- Eager Execution was a major change in the TensorFlow 1.x era. It was primarily designed to solve the problem of separating computational graph construction from computational graph execution in TensorFlow 0.x and 1.x. The main competitor of TensorFlow at that time was TensorFlow. PyTorch, TensorFlow’s main competitor at the time, had the ability to build and execute graphs at the same time, which gave PyTorch a huge advantage in development efficiency, and Eager Execution was designed to solve this problem. The Eager Execution pattern does not change the underlying implementation of TensorFlow, but rather makes TensorFlow’s user programming interface look like PyTorch’s user programming interface through syntactic sugar. Since Eager Execution is not based on a true dynamic computation graph, in practice, in some cases, Eager Execution can exhibit behavior that is difficult to understand.

### Estimator code example

```
import tensorflow as tf
import tensorflow.feature_column as fc
def my_model_fn(
features, # This is batch_features from input_fn
labels, # This is batch_labels from input_fn
mode, # An instance of tf.estimator.ModeKeys
ModeKeys): # Additional configuration
x = features["x"]
logits = tf.layers.dense(inputs=x, units=10, activation=tf.nn.relu)
# Generate predictions (for predict and eval mode)
predictions = {
"classes": tf.argmax(inputs=logits, axis=1),
"probabilities": tf.nn.softmax(logits, name="softmax_tensor")
}
# if in prediction mode, return result and exit
if mode == tf.estimator.ModeKeys.PREDICT: return tf.estimator.
return tf.estimator.EstimatorSpec(mode=mode, predictions=predictions)
loss = tf.losses.sparse_softmax_cross_entropy(labels=labels, logits=logits)
# if in training mode, return result and exit
if mode == tf.estimator.ModeKeys.TRAIN.
optimizer = tf.train.GradientDescentOptimizer(learning_rate=0.001)
train_op = optimizer.minimize(
loss=loss,
global_step=tf.train.get_global_step())
return tf.estimator.EstimatorSpec(mode=mode, loss=loss, train_op=train_op)
# if in evaluation mode, return result and exit
eval_metric_ops = {
"accuracy": tf.metrics.accuracy(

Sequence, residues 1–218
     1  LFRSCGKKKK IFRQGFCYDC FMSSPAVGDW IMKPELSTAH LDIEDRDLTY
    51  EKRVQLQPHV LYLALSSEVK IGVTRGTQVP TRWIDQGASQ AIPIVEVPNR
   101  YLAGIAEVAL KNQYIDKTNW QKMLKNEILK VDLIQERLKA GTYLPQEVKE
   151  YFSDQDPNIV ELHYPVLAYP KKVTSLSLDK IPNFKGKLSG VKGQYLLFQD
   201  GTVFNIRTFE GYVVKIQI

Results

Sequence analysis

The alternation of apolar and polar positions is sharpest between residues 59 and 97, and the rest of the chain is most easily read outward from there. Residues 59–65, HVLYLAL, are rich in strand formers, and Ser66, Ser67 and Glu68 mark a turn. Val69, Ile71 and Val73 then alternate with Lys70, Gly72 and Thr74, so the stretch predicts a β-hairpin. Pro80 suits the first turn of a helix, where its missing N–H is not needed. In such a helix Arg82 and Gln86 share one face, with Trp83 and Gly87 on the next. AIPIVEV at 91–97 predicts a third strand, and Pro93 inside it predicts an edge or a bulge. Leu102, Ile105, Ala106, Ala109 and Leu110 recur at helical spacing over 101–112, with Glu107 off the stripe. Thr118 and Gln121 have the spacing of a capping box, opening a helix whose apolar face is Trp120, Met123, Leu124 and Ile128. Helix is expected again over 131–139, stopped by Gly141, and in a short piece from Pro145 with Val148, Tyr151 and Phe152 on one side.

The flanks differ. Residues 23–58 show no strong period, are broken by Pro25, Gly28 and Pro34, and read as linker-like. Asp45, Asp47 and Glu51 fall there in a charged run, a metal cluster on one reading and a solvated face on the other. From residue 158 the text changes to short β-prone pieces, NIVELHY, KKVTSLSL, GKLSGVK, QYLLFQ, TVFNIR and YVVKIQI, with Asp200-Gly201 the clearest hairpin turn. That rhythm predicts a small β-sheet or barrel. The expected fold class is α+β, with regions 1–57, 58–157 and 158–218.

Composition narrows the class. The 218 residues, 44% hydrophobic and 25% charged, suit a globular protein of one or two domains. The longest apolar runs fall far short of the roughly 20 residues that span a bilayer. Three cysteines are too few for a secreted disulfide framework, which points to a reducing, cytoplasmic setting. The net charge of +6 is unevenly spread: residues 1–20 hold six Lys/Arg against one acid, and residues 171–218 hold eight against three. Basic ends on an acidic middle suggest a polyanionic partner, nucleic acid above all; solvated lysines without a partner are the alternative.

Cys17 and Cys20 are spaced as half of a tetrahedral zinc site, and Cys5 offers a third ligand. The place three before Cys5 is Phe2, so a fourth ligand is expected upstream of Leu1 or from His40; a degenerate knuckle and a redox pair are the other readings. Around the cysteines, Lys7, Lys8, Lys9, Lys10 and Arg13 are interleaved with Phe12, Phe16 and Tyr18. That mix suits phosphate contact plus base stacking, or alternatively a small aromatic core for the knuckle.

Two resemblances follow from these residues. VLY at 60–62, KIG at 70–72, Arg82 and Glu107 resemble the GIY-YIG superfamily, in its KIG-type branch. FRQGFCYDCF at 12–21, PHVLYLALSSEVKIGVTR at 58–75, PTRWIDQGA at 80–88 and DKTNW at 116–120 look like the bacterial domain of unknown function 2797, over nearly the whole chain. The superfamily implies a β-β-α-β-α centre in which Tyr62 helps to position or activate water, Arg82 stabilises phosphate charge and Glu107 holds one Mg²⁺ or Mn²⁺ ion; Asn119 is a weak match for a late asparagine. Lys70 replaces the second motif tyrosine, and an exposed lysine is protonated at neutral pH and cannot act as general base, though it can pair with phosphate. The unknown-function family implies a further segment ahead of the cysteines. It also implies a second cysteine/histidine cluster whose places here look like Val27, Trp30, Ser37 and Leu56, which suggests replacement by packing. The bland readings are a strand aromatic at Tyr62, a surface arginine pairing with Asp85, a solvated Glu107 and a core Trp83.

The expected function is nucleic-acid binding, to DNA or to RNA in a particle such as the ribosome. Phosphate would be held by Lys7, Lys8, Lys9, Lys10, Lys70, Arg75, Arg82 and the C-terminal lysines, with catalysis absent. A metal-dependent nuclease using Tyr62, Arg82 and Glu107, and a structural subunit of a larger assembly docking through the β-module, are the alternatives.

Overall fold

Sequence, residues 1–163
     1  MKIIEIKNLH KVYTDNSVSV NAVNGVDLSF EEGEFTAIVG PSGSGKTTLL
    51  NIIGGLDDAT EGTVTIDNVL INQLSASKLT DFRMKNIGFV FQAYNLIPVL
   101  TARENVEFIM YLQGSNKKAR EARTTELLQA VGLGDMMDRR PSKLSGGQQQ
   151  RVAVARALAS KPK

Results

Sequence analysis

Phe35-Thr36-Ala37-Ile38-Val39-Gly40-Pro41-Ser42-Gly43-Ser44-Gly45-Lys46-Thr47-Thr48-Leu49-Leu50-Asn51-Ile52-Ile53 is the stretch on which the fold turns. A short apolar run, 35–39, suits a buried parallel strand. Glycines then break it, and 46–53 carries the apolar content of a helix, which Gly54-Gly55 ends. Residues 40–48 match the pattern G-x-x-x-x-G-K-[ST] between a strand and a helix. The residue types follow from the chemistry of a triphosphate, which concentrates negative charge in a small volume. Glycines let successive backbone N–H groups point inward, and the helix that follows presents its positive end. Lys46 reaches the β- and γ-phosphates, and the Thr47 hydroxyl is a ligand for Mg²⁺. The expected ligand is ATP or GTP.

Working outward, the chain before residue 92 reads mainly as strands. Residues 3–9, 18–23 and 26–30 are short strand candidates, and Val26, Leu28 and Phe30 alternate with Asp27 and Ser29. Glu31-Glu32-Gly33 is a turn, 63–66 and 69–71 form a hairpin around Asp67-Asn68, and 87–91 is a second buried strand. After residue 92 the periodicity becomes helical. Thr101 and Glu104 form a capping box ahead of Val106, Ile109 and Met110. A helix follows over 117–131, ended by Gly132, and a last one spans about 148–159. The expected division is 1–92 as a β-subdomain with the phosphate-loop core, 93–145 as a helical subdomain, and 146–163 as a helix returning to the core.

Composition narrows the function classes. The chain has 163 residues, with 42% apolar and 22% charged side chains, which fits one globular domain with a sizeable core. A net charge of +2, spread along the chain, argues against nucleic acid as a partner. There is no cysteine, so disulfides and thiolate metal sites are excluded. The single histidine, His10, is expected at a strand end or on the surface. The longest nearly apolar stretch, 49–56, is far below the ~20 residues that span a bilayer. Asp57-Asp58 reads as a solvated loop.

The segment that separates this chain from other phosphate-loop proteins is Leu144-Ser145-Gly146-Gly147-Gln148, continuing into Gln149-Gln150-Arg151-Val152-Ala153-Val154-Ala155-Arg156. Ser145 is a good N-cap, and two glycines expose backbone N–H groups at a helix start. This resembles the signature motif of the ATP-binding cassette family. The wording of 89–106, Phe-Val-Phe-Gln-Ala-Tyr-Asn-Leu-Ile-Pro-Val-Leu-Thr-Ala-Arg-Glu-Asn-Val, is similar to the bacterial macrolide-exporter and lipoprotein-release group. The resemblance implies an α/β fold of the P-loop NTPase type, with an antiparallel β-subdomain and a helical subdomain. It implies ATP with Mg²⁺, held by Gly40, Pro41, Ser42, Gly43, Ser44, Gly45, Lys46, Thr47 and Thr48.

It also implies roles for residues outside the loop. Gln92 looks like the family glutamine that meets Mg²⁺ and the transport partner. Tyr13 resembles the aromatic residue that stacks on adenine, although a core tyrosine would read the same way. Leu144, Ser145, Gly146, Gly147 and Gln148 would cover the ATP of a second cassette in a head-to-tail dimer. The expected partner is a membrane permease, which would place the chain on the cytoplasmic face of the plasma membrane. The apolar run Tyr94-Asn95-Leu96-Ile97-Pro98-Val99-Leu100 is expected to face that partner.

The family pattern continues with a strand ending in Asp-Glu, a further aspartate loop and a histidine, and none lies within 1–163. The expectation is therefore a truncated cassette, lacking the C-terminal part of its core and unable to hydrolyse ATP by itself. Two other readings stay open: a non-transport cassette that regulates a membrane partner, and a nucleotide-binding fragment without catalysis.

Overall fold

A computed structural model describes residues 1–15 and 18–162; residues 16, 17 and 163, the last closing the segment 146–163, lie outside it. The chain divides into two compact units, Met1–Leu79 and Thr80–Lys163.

labels=labels, predictions=predictions["classes"])
}
return tf.estimator.EstimatorSpec(
mode=mode, loss=loss, eval_metric_ops=eval_metric_ops)
```

### Keras code example

```
import tensorflow as tf
from tensorflow import keras
fashion_mnist = keras.datasets.fashion_mnist
(train_images, train_labels), (test_images, test_labels) = fashion_mnist.load_data()
model = keras.Sequential([
keras.layers.Flatten(input_shape=(28, 28)),
keras.layers.Dense(128, activation=tf.nn.relu),
keras.layers.Dense(10, activation=tf.nn.softmax)
])
model.compile(optimizer='adam',
loss='sparse_categorical_crossentropy',
metrics=['accuracy'])
model.fit(train_images, train_labels, epochs=5)
test_loss, test_acc = model.evaluate(test_images, test_labels)
predictions = model.predict(test_images)
```

### Eager Execution code example

```
import tensorflow as tf
import tensorflow.contrib.eager as tfe
tfe.enable_eager_execution()
x = [[2.]]
m = tf.matmul(x, x)
print(m)
# The 1x1 matrix [[4.]]
```

## TensorFlow 2.x Era (2019 - Now)

The user programming interface in the TensorFlow 2.x era has not changed significantly from the user programming interface in the TensorFlow 1.x era. There are just a few tweaks to the default settings, the main ones being:

- Use Eager Execution mode by default.
- The Keras interface is used by default.

## JAX era (2020 - Now)

JAX is not a replacement or successor to TensorFlow, it’s just another machine learning framework from Google with an underlying implementation that is consistent with that of the TensorFlow 2.x era. JAX attempts to use a new programming paradigm to solve the problems of TensorFlow that are less popular among researchers.

The JAX era user programming interface has two major changes from the TensorFlow 2.x era design:

- the main target group of the JAX programming approach is researchers, while the main target group of TensorFlow 2.x is engineers. This counteracts the threat of PyTorch, whose main target group is also researchers.
- JAX tries to use a more advanced but relatively rare programming paradigm and tries to create a new programming paradigm, not a continuation of TensorFlow or PyTorch.